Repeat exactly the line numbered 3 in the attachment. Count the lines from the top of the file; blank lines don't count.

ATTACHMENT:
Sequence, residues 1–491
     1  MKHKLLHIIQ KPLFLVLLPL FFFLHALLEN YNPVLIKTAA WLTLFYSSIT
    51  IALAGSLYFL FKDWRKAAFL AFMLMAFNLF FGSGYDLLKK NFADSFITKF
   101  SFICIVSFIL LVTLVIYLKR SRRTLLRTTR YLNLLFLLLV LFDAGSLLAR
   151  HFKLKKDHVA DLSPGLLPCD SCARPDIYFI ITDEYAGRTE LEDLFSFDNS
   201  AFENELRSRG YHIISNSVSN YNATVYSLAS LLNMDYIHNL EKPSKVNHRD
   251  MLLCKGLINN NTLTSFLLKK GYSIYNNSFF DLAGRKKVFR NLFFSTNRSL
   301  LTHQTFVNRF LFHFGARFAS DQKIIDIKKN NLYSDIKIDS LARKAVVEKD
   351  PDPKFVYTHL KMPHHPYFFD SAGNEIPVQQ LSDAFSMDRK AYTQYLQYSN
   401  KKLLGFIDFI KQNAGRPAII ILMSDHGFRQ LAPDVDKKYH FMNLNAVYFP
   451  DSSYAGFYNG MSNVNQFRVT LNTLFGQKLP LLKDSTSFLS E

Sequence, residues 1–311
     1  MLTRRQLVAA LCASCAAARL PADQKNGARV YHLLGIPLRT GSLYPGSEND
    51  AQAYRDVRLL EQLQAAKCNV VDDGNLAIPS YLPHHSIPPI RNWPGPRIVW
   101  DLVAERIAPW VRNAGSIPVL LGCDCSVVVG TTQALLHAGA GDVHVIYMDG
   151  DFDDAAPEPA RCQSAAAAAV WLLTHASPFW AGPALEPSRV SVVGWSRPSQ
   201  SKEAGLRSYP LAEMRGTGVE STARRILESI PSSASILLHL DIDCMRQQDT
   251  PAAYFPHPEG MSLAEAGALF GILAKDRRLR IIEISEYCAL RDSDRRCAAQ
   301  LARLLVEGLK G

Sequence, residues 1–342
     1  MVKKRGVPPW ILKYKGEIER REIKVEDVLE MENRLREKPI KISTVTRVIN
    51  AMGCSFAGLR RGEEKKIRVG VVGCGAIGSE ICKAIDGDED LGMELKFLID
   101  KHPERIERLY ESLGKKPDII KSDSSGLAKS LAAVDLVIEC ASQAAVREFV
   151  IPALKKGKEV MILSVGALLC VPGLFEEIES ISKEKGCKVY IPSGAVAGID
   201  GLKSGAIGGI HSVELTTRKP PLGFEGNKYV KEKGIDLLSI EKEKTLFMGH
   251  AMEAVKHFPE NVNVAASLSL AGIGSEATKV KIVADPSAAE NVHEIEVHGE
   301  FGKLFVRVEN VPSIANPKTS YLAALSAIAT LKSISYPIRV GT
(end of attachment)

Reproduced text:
    51  IALAGSLYFL FKDWRKAAFL AFMLMAFNLF FGSGYDLLKK NFADSFITKF